Pirate Bay co-founder Peter Sunde has pleaded with fans to stop attacking official entertainment industry websites after the Swedish wing of the The International Federation of the Phonographic Industry’s (IFPI) site was hacked yesterday.
Sunde, who is among four men facing prosecutors representing the likes of Sony, MGM and Universal in the already infamous Pirate Bay trial, uncharacteristically put the boot in yesterday against the hackers.
“Our case is going quite well as most of you have noticed. In the light of that it feels very bad that people are hacking web sites which actually puts us in a worse light than we need to be in,” he said in a post on his “Copy Me Happy” blog.
“If anyone involved in the acts going on is reading this – please stop, for our sake. We don’t need that kind of support,” he added writing under his brokep moniker.
The trial underwent a dramatic turn of events on Tuesday when chief prosecutor Håkan Roswall scratched copyright infringement allegations against Sunde, Carl Lundström, Frederik Neij and Gottfrid Svartholm Warg from the charge sheet.
Meanwhile, ifpi.se remains out of action as day four of the case gets underway in the Stockholm district court.
The self-titled group The New Generation (Den Nya Generationen) was behind the website hackery and claimed it had attacked the website to show support of the defendants in the case.
According to Sunde, IFPI’s official Swedish website was not the only address targeted by internet intruders. He claimed hackers also gained access to ifpi.org and Sunde’s old domain ifpi.com, where a sneering broadside against the entertainment industry was displayed.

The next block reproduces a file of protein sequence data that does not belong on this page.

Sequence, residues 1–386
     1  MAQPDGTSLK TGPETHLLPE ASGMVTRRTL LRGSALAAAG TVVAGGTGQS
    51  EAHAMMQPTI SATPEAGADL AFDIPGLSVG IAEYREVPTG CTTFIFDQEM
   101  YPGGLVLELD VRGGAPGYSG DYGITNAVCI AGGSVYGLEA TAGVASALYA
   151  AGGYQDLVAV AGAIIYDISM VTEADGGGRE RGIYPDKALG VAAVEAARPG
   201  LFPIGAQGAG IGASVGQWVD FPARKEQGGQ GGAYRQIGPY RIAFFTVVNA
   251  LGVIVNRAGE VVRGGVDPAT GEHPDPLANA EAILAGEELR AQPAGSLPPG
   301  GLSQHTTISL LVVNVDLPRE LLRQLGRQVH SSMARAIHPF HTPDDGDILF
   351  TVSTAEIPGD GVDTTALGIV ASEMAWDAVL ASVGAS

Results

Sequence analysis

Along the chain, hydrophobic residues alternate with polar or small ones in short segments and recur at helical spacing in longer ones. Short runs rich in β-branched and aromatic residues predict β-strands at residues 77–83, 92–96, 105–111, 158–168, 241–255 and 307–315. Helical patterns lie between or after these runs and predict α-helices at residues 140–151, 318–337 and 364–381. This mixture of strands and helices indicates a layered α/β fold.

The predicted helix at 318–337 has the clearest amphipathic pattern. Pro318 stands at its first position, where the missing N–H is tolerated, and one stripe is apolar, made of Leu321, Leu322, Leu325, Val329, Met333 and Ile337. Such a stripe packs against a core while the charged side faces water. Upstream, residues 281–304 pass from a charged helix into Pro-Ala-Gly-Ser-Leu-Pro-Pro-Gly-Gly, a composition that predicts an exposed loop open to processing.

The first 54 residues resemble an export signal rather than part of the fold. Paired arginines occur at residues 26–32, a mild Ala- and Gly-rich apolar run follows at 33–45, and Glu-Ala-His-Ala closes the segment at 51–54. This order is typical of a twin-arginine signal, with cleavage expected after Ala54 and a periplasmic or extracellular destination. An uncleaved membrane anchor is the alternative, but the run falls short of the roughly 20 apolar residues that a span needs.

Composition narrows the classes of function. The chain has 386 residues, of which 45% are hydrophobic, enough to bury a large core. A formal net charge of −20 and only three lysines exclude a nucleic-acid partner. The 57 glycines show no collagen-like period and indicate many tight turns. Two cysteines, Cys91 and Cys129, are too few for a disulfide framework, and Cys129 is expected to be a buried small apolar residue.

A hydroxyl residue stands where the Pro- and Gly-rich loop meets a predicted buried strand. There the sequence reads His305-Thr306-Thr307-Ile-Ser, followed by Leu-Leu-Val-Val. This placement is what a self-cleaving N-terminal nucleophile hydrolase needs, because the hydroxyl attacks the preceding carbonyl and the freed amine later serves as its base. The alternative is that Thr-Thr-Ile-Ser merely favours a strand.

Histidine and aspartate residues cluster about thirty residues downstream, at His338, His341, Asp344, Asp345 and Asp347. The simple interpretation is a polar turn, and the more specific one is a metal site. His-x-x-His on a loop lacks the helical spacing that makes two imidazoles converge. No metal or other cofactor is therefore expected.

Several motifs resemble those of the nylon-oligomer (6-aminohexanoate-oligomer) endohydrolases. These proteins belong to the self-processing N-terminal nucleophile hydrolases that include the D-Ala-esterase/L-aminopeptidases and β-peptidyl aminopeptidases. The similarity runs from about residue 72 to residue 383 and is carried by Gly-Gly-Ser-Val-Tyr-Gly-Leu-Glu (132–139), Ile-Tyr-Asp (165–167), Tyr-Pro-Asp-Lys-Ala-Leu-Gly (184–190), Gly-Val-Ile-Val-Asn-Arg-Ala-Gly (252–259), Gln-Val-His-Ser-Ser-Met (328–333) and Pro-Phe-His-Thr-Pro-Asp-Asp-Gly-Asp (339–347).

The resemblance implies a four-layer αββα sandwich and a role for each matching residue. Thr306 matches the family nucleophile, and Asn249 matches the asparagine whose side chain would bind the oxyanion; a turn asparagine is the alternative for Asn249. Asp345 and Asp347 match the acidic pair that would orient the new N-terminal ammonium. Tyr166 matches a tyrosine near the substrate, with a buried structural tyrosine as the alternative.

An IFPI spokesman confirmed that the Swedish site had indeed been hacked but claimed that both ifpi.org and ifpi.com had simply been hit by denial of service attacks.
A sustained cyber-attack against a niche pornography sites has demonstrated a novel way to inflict major damage on hardened targets using a modest amount of data, a security researcher has warned.
The ongoing attacks on several sites related to transvestite porn work by sending hundreds of thousands of domain name servers a steady stream of packets that contain little more than the character “.” The queries, which are forged so they appear to have been sent from sites such as ladyboydolls.com and triplexbonanza.com, prompt the DNS servers to respond to the targets with a list of the internet’s root servers, responses that contain about eight times more data than the initial request.
The attacks began in mid January and have used some 750,000 DNS servers to spew about 5Gbps worth of junk response packets at one victim alone, said Phil Rosenthal, CTO of ISPrime, an internet provider for one of the sites being attacked. The company has since been able to mitigate the attack using a variety of methods.